Oct 10, 2014

Association Mapping across Numerous Traits Reveals Patterns of Functional Variation in Maize

bioRxiv
Jason G WallaceEdward Buckler

Abstract

Phenotypic variation in natural populations results from a combination of genetic effects, environmental effects, and gene-by-environment interactions. Despite the vast amount of genomic data becoming available, many pressing questions remain about the nature of genetic mutations that underlie functional variation. We present the results of combining genome-wide association analysis of 41 different phenotypes in ∼5,000 inbred maize lines to analyze patterns of high-resolution genetic association among of 28.9 million single-nucleotide polymorphisms (SNPs) and ∼800,000 copy-number variants (CNVs). We show that genie and intergenic regions have opposite patterns of enrichment, minor allele frequencies, and effect sizes, implying tradeoffs among the probability that a given polymorphism will have an effect, the detectable size of that effect, and its frequency in the population. We also find that genes tagged by GWAS are enriched for regulatory functions and are ∼50% more likely to have a paralog than expected by chance, indicating that gene regulation and neofunctionalization are strong drivers of phenotypic variation. These results will likely apply to many other organisms, especially ones with large and complex genomes like mai...Continue Reading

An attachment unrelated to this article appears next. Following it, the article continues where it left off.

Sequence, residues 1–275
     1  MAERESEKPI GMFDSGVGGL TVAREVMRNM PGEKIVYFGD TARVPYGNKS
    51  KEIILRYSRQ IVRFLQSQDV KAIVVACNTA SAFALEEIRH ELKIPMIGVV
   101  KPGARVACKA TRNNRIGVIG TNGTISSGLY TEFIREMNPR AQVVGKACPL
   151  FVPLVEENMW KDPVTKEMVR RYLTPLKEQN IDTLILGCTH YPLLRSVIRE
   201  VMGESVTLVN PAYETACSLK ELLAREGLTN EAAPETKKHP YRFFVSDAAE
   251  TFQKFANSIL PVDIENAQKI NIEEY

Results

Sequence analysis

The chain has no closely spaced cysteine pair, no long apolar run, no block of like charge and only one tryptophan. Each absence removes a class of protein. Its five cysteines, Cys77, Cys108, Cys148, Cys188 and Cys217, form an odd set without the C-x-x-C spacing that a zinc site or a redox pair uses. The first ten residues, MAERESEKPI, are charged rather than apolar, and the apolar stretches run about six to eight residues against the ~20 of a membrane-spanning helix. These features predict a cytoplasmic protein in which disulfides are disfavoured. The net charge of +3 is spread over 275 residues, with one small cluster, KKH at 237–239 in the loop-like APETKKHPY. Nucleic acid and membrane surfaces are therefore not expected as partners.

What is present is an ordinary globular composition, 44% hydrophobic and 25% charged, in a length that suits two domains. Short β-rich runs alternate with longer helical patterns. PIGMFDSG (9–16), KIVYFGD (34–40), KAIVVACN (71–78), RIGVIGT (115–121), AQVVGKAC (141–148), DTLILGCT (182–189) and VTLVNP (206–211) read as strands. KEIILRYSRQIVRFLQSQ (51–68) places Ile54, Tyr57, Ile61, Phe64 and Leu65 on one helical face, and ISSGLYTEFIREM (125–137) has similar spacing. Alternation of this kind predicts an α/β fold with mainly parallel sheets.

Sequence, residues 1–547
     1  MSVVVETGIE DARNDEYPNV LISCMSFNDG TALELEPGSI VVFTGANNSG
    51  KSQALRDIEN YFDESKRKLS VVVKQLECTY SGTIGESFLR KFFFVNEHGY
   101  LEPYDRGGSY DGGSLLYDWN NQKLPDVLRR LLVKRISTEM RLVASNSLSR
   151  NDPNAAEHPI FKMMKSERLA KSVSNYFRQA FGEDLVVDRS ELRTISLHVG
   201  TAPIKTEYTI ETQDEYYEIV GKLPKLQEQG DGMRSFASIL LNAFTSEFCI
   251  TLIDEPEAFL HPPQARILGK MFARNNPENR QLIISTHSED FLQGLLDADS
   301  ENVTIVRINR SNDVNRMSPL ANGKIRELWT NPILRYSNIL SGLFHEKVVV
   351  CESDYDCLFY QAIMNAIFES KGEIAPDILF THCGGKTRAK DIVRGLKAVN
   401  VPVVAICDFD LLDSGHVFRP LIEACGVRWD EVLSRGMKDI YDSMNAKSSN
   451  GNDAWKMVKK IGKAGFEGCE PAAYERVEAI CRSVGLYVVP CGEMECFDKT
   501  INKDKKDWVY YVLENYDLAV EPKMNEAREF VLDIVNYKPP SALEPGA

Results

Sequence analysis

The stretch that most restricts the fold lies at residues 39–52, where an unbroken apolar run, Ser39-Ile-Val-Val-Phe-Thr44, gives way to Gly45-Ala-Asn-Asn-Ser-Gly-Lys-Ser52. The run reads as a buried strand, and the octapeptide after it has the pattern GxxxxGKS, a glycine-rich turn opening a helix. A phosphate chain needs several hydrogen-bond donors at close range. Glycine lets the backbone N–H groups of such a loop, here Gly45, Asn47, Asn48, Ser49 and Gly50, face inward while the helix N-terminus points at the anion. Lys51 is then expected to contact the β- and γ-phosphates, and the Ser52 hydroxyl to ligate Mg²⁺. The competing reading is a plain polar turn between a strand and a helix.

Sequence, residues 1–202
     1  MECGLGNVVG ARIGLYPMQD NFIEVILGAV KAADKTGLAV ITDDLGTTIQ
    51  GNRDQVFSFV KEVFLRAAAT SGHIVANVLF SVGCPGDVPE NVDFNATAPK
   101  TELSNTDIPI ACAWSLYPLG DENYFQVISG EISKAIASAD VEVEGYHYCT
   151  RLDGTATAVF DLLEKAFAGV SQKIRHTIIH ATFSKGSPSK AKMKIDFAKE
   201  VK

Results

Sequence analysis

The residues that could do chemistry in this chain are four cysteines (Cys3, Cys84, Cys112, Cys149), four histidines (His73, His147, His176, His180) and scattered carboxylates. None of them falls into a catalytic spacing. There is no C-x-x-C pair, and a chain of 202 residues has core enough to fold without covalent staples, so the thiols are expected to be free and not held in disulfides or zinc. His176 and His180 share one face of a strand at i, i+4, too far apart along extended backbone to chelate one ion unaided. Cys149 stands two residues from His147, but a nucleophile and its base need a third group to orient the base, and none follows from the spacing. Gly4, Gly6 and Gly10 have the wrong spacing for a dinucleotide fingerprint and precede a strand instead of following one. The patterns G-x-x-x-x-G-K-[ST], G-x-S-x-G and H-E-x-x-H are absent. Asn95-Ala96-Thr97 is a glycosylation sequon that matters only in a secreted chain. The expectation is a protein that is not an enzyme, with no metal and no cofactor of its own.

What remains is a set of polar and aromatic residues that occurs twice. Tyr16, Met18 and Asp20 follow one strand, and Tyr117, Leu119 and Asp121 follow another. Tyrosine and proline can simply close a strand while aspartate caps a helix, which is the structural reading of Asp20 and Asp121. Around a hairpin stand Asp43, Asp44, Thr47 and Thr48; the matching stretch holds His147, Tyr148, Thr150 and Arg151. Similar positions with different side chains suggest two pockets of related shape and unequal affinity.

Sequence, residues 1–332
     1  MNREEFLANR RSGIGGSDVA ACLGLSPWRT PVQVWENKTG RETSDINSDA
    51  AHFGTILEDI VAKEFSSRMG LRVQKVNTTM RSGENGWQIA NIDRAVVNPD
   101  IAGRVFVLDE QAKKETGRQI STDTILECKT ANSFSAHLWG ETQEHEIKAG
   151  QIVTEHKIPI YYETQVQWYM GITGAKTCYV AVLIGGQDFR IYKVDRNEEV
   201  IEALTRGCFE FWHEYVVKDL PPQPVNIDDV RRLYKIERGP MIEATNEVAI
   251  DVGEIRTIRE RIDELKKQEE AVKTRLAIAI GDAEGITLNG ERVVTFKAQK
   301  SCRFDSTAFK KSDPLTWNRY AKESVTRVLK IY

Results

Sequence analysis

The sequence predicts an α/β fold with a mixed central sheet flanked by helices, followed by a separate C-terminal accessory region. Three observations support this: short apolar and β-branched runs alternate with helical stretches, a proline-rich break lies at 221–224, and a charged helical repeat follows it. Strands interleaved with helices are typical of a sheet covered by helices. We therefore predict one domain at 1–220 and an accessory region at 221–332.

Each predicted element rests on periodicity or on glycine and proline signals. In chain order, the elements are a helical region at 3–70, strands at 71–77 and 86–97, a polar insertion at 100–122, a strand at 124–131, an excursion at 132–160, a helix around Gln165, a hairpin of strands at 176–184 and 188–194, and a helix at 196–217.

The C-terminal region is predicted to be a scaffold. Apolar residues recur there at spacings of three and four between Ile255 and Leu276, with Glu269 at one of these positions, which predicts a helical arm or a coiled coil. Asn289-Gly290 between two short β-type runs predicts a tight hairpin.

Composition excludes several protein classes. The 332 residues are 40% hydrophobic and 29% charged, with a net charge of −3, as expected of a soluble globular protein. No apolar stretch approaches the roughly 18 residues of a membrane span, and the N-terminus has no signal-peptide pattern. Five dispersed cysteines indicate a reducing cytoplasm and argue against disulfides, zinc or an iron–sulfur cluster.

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Mentioned in this Paper

Gene Polymorphism
Genome-Wide Association Study
Patterns
Genome
Genes
Superior Mental Spine
Inbred Strain
Environment
Zea mays
DNA Copy Number Variations

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